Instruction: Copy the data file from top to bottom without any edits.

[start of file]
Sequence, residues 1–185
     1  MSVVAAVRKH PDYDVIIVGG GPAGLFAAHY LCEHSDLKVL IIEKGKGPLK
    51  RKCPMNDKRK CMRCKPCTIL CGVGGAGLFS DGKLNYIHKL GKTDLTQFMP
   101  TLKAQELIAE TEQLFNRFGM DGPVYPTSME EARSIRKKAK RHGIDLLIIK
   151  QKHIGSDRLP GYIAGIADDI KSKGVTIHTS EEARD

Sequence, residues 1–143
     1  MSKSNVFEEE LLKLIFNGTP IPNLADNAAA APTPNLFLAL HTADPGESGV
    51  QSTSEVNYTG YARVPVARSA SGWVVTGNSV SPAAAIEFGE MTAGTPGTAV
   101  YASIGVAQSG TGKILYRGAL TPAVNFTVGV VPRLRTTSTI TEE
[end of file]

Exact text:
Sequence, residues 1–185
     1  MSVVAAVRKH PDYDVIIVGG GPAGLFAAHY LCEHSDLKVL IIEKGKGPLK
    51  RKCPMNDKRK CMRCKPCTIL CGVGGAGLFS DGKLNYIHKL GKTDLTQFMP
   101  TLKAQELIAE TEQLFNRFGM DGPVYPTSME EARSIRKKAK RHGIDLLIIK
   151  QKHIGSDRLP GYIAGIADDI KSKGVTIHTS EEARD

Sequence, residues 1–143
     1  MSKSNVFEEE LLKLIFNGTP IPNLADNAAA APTPNLFLAL HTADPGESGV
    51  QSTSEVNYTG YARVPVARSA SGWVVTGNSV SPAAAIEFGE MTAGTPGTAV
   101  YASIGVAQSG TGKILYRGAL TPAVNFTVGV VPRLRTTSTI TEE